Thyroid Panel Blood Spot Test
What is the function of thyroid hormones?
Thyroid hormones set metabolic activity and are thus responsible for the speed at which every enzyme action in the body takes place. Thyroid hormone balance in the brain is crucial for maintaining physical and mental health. They have a direct effect on the majority of organs found in our body. These hormones regulate how many calories you burn, how warm you feel, and even how fast our heart beats. Thyroid imbalance not only affects your weight, but also your mood, emotions, behavior, sex life, menstrual problems in women, infertility, depression and anxiety disorders. In short, their function is to regulate our body’s metabolism. Symptoms of thyroid imbalance can mimic other hormonal imbalances, therefore as many as 13 million Americans may be undiagnosed and/or misdiagnosed.
What happens when I have too much or too little thyroid hormones?
More than 10 million Americans have been diagnosed with thyroid disease, and another 13 million people are estimated to have undiagnosed thyroid problems in the U.S. alone. A February, 2000 research study found that the estimated number of people with undiagnosed thyroid disease may be 10% - a level that is double what was previously thought. Women are at the greatest risk, developing thyroid problems seven times more often than men.
Hyperthyroidism is defined as a condition in which there is an overproduction of thyroid hormone from the thyroid gland. Hypothyroidism is the opposite, where there is an underproduction of thyroid hormone from the thyroid gland. Hypothyroidism is a very common condition. It is estimated that 3 to 5% of the population has some form of hypothyroidism. The condition is more common in women than in men, and its incidence increases with age. In fact, hypothyroidism is most common in women during the perimenopausal and postmenopausal years; it is estimated that approximately 26% of women in or near menopause are diagnosed with hypothyroidism.
Here are some signs and symptoms of hyperthyroidism and hypothyroidism:
What is the difference between T3, T4, TSH and TPO?
There are two main thyroid hormones: Triiodothironine (T3) 20% and thyroxine (T4) 80%. Each thyroid hormone is made up of tyrosine (protein) surrounded by four (T4) or three (T3) iodines. The amount of TSH delivered to the thyroid gland tells the thyroid how much thyroid hormone to manufacture. T4 is the main thyroid hormone produced by the thyroid. When the thyroid gland produces T4, it is taken up by every cell in the body, especially in the liver and brain. A well-regulated process causes T4 to lose iodine, generating the much more potent thyroid hormone T3, which produces activity within the cell. The amount of T3 present in the brain must remain in an optimal range in order to keep the body functioning properly. TPO (thyroid peroxidase) is an enzyme that helps to synthesize thyroid hormone. In 90% of patients with Hashimoto’s thyroiditis TPO levels of these antibodies will be high. Women with polycystic ovaries have a 4-5 times increased occurrence of TPO antibodies. Since early identification of antibodies increases the health and well-being of patients, TPO testing as a tool for identifying subclinical hypothyroidism is beneficial.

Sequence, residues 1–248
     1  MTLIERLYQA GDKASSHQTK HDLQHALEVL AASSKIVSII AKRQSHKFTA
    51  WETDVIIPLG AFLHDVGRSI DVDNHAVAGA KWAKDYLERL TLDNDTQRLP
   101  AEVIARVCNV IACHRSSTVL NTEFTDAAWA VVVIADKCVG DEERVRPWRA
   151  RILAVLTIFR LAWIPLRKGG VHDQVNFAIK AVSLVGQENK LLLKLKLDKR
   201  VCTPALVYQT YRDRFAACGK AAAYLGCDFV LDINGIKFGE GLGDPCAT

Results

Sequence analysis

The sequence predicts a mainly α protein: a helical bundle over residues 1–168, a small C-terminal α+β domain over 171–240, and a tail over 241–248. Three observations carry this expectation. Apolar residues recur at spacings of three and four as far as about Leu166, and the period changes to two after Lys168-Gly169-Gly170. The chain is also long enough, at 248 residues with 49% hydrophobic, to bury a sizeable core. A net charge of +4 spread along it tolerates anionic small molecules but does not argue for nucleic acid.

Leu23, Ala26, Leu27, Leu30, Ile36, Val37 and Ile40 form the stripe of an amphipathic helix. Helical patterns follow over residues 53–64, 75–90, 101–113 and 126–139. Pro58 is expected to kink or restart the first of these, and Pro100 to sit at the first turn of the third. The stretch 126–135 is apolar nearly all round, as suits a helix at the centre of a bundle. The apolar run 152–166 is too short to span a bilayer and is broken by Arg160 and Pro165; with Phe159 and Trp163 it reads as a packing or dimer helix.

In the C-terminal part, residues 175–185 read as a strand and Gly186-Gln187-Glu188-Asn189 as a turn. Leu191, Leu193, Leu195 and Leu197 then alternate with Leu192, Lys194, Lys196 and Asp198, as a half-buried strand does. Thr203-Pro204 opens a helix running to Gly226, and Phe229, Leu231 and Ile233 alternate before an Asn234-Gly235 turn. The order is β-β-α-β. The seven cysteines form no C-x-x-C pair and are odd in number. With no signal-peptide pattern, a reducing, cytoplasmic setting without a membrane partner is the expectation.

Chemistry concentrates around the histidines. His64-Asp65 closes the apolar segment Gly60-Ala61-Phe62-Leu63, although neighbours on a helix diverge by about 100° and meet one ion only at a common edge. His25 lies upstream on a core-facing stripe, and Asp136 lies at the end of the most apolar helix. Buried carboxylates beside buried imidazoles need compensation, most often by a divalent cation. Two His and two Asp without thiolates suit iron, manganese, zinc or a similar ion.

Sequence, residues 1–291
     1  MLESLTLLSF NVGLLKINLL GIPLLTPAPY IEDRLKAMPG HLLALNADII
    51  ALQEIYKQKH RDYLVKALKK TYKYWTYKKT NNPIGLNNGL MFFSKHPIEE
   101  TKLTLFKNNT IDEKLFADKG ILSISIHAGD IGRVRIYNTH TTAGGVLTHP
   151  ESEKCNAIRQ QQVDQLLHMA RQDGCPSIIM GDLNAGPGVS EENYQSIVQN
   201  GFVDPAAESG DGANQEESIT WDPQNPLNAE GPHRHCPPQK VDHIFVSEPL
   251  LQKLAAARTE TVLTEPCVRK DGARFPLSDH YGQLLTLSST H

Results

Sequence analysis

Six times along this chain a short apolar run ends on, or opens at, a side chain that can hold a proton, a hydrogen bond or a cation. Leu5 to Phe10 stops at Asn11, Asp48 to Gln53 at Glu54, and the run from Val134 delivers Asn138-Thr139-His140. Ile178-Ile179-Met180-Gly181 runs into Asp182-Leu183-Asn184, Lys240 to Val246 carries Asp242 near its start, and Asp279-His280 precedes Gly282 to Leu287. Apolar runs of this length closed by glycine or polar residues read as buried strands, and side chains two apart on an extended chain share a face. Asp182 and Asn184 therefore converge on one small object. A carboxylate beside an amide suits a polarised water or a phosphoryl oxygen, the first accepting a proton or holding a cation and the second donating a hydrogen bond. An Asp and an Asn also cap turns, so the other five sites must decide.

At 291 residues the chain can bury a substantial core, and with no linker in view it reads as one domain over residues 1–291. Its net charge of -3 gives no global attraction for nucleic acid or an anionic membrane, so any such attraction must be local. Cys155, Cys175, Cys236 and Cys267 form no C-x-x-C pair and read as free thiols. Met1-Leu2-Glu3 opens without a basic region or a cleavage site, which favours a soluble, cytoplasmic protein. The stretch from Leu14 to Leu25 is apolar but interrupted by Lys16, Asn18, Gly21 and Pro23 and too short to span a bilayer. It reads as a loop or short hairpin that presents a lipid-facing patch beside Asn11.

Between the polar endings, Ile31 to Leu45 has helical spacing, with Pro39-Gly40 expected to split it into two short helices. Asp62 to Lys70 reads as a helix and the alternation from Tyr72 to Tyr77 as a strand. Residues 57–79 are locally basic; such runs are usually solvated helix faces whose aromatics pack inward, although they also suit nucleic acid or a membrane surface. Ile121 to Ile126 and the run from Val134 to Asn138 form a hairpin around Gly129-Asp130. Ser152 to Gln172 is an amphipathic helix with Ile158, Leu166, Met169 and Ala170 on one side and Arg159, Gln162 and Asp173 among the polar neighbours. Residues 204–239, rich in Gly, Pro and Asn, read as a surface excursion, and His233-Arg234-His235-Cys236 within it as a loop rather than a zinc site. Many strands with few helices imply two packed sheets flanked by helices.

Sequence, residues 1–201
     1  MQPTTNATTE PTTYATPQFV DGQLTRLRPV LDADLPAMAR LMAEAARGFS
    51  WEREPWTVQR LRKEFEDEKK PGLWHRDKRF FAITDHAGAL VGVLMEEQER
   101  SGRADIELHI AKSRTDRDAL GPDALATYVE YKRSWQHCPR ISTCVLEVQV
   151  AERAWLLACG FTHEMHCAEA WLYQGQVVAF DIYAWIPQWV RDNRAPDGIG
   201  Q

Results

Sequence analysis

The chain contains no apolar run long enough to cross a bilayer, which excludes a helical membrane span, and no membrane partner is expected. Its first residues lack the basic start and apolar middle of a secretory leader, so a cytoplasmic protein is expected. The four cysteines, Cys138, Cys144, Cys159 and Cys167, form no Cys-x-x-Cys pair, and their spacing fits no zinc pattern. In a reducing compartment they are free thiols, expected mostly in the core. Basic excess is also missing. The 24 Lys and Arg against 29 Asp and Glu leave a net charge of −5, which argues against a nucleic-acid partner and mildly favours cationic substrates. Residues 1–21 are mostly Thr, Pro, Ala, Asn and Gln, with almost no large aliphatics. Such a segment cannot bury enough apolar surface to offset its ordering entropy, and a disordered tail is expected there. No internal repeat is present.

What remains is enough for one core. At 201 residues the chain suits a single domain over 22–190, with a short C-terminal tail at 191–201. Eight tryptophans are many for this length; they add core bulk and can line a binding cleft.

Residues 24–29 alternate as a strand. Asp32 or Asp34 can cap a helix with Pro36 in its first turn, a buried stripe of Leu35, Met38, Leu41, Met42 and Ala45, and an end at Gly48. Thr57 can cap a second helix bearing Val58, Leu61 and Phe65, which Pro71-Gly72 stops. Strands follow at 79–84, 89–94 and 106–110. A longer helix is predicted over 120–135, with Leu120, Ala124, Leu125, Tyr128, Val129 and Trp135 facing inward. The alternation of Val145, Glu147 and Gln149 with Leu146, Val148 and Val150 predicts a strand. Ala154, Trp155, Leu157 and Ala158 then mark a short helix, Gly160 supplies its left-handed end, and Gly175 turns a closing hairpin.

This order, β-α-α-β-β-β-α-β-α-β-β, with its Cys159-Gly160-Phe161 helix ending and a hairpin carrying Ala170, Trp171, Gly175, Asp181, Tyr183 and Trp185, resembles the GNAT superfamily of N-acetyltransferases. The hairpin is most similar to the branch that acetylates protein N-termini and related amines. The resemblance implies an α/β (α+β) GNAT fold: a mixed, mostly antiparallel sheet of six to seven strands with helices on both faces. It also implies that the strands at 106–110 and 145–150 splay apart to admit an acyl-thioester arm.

When the thyroid hormones are transported in the blood they are bound to the protein thyroid binding globulin (TBG) that temporarily holds them inactive. This protein may be manipulated by many illnesses and medications. Therefore, the measurement of the free tissue levels of these hormones (the unbound) as conducted in blood spot testing at ZRT laboratory is the most accurate.
Where do thyroid hormones come from?
Thyroid hormones are made and released from the thyroid gland located in the front base of the neck. The thyroid typically secretes thyroid hormones in response to thyroid stimulating hormone (TSH) produced by the pituitary gland. Special cells in the pituitary gland determine the normal range of thyroid hormone in the body, which is the set point. As blood flows through the pituitary these cells measure the hormone levels and can tell whether or not it is at the set point. Under normal conditions, the pituitary gland sends out enough TSH to tell the thyroid to maintain a balanced level of thyroid hormones. If the levels are low, the pituitary sends out more TSH to tell the thyroid to make more hormones. Similarly, if the levels are elevated, the pituitary is inhibited from sending out TSH and levels of thyroid hormone will fall.
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